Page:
Vincent Safuto’s Weblog

Notes and observations

When committing astronomy can get you killed

Get a bunch of amateur astronomers together and eventually, after the tall tales of seeing the Horsehead Nebula and the wisps of the Veil Nebula, you’ll get to the strange encounters we’ve had.

It’s hard not to notice an amateur astronomer, alone or in a pack. We have this weird looking object that may or may not look like everyone’s definition of a telescope; we perform weird rituals around it, peering through a smaller scope or looking at a book or magazine; and we might be seen punching numbers into a handheld device, smartphone or laptop and then watching as the telescope mount points the telescope.

There’s the weird language, too. “Go from Enif in Pegasus and then across the Great Square, and you’ll see M31.”

Or, “I swear, I saw a star flare up in the Double Cluster. Cross my heart and hope to die.”

We in the U.S. might meet up with bad guys while observing the stars – though a look through the telescope might mollify them – or even law enforcement.

A story steeped in legend is about the time a group of amateur astronomers gathers on a hill overlooking their city on a dark, clear night, and soon had their array of telescopes set up.

Most telescopes of that time, and today, bear quite a resemblance to mortar tubes. It’s not intentional. The Schmidt-Cassegrain design is compact and easy to transport, and offers some pretty good-sized apertures up to 14 inches. They do look like mortars in the dark and at a distance.

The group noticed that there were several cars of law enforcement racing on the road up the hill, with lights flashing and sirens wailing. They felt a sense of relief. At least someone was out there protecting them.

Soon, though, the police arrived and cautiously approached. It turned out that someone had called 911, thinking that a group was assembling mortars and about to start raining shells on the town. A few minutes later, after the police were shown that the telescopes were for extracting secrets from the sky and not harming anyone, the officers left and the amateurs resumed their work.

That story had a happy ending, but for some people the very act of not only looking at the sky but knowing about it can be a death sentence.

Carl Sagan once said that you never know where the seed of knowledge will sprout. Sometimes, in the most unexpected places, you will find people with a driving desire to know how the universe works, he said.

We know of Afghanistan as a place of endless war and tumult, murderous religious fanaticism and where young Americans have died to protect a government that seems incapable of supplying toilet paper.

And yet, among all that, there is a dedicated group of amateur astronomers. According to a story in Newsweek and other sources, the Afghanistan Astronomy Association has an 11-inch telescope and other gear supplied by Astronomers Without Borders. Its members try to find locations to observe and often are harassed by the local police, religious leaders and military troops who all believe they are up to no good.

In a society where the only knowledge worth having seems to be religious or military, and the only skill you should show is how to plant an IED, these men want to learn about the sky and teach others.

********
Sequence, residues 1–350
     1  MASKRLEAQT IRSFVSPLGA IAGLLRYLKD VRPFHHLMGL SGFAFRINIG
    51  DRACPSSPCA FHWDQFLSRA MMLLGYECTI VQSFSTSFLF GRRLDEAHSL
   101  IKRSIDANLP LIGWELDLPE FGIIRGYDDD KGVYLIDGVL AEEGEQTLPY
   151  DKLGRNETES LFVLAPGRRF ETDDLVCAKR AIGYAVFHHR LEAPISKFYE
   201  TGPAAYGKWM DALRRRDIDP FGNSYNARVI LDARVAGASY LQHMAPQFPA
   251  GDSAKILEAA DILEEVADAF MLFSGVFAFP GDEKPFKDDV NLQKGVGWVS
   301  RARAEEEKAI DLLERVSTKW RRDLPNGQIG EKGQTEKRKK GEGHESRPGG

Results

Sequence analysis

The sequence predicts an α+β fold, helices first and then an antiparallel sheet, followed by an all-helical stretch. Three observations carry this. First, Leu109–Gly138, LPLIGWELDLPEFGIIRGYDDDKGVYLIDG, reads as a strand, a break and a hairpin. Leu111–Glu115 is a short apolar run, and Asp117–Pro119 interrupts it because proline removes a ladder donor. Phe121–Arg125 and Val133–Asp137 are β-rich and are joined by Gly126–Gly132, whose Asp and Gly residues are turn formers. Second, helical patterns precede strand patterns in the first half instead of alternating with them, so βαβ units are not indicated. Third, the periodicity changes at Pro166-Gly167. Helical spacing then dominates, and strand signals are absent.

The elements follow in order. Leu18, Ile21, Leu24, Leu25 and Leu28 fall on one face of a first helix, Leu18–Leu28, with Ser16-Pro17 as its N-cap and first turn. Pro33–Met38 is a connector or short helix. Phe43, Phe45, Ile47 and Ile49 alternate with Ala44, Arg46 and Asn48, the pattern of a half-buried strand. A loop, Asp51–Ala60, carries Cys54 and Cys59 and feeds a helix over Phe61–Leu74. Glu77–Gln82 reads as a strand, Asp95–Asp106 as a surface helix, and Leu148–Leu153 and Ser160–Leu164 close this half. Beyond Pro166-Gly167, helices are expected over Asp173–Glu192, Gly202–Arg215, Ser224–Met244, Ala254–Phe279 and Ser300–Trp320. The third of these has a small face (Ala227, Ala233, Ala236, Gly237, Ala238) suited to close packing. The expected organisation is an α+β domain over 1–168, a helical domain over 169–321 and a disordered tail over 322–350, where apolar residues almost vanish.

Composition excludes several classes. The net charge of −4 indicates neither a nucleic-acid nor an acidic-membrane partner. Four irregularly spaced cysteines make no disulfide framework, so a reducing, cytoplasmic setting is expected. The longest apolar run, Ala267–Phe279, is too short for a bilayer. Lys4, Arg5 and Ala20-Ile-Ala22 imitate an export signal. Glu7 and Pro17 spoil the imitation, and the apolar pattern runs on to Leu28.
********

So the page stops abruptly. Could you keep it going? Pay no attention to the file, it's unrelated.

Here’s an excerpt from the start of the story:

“In most of the world, an amateur astronomer can drive to a dark place, set up a telescope and enjoy the beauty of the sky above.

“But in Afghanistan, a country plagued by 36 years of war, a few men gathered around a telescope pointing toward the sky, in the middle of nowhere, looks pretty suspicious.

“From a distance, the police thought the telescope might be a rocket launcher.

“After careful inspection, the police still couldn’t comprehend why anyone would sit in a field, in the cold, to look at stars. Although they’d never seen a telescope before, they conceded that this probably wasn’t a weapon.

“Calling the astronomers halfwits, the police left. Spooked, most of the stargazers took off too, leaving Bakhshi and two others.”

Religious leaders aren’t helpful, spreading wild stories about eclipses and other superstitions.

But the amateurs keep at it.

“On another late afternoon, as the sun disappears and the evening call to prayer echoes across the city below, Bakhshi, Amiri and a small group of men gather on the outskirts of Kabul.

“As he sets up a large telescope, cigarette dangling from his lip, Amiri recalls the first time he saw the moon up close. In an old schoolbook, he had discovered a guide to making a telescope and managed to fashion one out of an old chimney pipe.

‘I couldn’t move my eye away from the telescope that night,’ he says.

“One by one, the men peer at the moon through the telescope. The clarity is remarkable; the moon luminous and rugged with craters and mountains.

“For those who are looking through the telescope for the first time that night, each has the same reaction: astonishment and wonder, followed by a barrage of questions.”

Maybe there will be a time when amateur astronomers the world over can live and work in peace. In the meantime, there are those who are willing to risk it all for a glimpse of the moon or Saturn. It definitely makes you appreciate what we have here.

 

 

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January 11, 2016 - Posted by | Living in the modern age, Observations with Vinny, Uncategorized | ,

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